I started my own software company (See ) after being laid off when we had that downturn back in 2000.  I had never started a company before, and now had to do it fast enough to start making money before we lost the house.  I was one of your black belts, and if I could do that, I could do this.   I had to teach myself how to write software so that I could help smaller companies meet ISO, FDA, and other regulatory requirements.

It’s been 12 years now, and we are still going strong.  I think of my katas when I’m writing code, since each step of a user’s experience with a software application is a lot like stinging together martial art techniques that require the proper sequence and balance to work with the physics of the human anatomy.

Recently I added Bikram Yoga to my training routine.  I must say, Bikram Yoga and Isshin-ryu go very well together and I can see parallel concepts in both movement and breathing between the two.

I’m also a licensed soccer coach here in San Francisco with the Viking and PAL league, one of those little rascals is my son.  I can remember you saying once in class when you were coaching your son’s baseball team that in a way you were also teaching them Isshin-ryu.  I didn’t get it then, but I get it now. :-)  There are a lot of parallels between sparring and dribbling a soccer ball.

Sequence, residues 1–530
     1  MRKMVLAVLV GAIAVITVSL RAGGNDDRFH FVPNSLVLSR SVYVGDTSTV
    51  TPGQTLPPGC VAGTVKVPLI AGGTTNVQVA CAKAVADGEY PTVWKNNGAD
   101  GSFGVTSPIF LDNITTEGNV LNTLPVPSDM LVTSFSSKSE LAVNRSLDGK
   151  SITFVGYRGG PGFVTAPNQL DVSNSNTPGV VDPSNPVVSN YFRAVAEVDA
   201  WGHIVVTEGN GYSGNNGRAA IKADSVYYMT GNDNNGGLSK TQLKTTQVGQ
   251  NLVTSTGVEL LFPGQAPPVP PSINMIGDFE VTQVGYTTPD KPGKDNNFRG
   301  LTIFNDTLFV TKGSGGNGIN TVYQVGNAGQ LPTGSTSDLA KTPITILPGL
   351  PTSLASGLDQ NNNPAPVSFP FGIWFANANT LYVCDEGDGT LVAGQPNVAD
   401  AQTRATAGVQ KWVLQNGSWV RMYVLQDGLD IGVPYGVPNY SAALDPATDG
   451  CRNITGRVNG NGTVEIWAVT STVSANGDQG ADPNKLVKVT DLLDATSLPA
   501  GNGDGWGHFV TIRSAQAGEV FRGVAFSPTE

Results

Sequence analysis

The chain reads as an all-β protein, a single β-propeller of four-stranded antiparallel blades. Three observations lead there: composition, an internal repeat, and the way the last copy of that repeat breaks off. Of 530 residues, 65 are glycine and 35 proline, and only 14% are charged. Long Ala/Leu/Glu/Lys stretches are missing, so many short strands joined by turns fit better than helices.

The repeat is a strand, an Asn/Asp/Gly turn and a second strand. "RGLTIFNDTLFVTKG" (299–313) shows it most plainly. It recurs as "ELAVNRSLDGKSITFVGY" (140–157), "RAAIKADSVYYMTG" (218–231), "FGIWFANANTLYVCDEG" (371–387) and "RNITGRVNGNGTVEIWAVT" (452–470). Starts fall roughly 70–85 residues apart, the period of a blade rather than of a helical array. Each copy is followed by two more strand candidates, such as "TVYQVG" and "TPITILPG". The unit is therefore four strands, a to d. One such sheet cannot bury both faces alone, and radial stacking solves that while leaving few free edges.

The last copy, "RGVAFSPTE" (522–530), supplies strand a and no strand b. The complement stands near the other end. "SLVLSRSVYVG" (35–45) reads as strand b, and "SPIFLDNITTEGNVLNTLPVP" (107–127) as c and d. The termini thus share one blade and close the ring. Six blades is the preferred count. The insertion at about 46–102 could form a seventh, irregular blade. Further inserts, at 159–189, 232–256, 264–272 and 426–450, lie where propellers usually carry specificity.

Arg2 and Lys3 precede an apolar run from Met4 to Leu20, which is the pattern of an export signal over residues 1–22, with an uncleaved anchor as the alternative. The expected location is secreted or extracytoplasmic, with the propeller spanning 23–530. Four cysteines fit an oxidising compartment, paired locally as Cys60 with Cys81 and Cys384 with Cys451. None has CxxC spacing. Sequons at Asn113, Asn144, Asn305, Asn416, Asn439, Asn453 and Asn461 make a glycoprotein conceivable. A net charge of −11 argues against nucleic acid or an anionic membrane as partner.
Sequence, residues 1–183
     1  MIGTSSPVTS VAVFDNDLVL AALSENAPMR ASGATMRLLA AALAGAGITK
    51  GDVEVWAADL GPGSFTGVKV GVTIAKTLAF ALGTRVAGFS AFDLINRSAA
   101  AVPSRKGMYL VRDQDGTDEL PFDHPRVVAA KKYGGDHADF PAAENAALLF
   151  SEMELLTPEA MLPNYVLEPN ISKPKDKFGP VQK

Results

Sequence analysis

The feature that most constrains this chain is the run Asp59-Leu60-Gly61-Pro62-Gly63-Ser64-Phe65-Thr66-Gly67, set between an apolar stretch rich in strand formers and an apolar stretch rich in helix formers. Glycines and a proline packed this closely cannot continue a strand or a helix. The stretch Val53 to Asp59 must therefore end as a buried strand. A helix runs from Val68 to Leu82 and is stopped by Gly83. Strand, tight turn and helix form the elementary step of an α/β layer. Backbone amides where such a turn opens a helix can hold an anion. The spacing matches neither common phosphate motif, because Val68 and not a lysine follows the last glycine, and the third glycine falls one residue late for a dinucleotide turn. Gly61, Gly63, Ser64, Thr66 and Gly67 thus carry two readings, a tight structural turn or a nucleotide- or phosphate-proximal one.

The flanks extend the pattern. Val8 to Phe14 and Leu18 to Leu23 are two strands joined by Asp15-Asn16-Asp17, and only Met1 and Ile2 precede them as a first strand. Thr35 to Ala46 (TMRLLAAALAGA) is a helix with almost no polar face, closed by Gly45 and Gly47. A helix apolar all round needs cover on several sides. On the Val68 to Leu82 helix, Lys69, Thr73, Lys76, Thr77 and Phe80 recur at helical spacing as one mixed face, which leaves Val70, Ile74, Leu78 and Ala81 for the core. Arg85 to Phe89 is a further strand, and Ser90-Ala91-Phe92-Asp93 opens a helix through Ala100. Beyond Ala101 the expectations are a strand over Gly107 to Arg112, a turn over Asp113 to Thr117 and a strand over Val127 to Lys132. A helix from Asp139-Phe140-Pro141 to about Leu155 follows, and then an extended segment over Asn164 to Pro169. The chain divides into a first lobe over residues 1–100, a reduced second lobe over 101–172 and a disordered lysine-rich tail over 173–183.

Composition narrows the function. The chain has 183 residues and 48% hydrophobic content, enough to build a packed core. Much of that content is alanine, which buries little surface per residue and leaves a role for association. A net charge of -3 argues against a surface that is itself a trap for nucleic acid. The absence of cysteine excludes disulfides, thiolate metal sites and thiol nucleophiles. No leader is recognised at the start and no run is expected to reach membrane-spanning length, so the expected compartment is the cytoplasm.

At 47 I can look back I and safely say that this is only a short list of the ways in which being one of your black belts has affected the course of my life.   If I had to choose between my college degree and your black belt, it would take me a long time to come to that decision.    It has truly been a foundational aspect of my sense of self and something I value greatly.    It has recently occurred to me that I now have what I need to create that experience for others, which is my primary goal as an instructor.

As I prepare to do this I am acutely aware of what you did for me through your class, by showing up for all those years, for planning each class, for passing on what you learned from Master Shimabuku, and for teaching what you continued to learn in your own practice.  If I can be just half the teacher you are, I will consider myself very successful.

For all you’ve done for me, and for all your students, I just wanted to make sure that the following words made it somewhere on the Internet for all to see.

Thank you.


4 Responses to “Meet the Sensei”

  1. Ezra Epstein Says:

    Wow. Dear David, I find your sharing this part of your story profoundly touching. The connection, the courage, your appreciation of both, and the continuity, which might mean the fresh application of it in life, is both touching and inspiring.

    Thank you.


  2. Ezra Epstein Says:

    Even though I’m not in San Francisco, I see I am learning from you.

  3. Sensei Says:

    Thanks for the kind words Ezra. I must admit my decision to start teaching has kicked off my own learning curve that I am enjoying immensely.

    In fact, I know that you are pretty smart guy. While I appreciate the credit, I know the learning you do is mostly coming from you. :-)

  4. Tom Scott Says:

    Sensei Smith, I remember sparring with you when I joined Master Kussro”s Isshin-Ryu class back in the early 80″s when I had just joined the Sycamore PD. Great fun and great learning! We all missed your talent and example when you moved on. Nice true words about our Sensei! Best wishes in your continued journey. Tom Scott–fellow blackbelt of the Isshin-Ryu.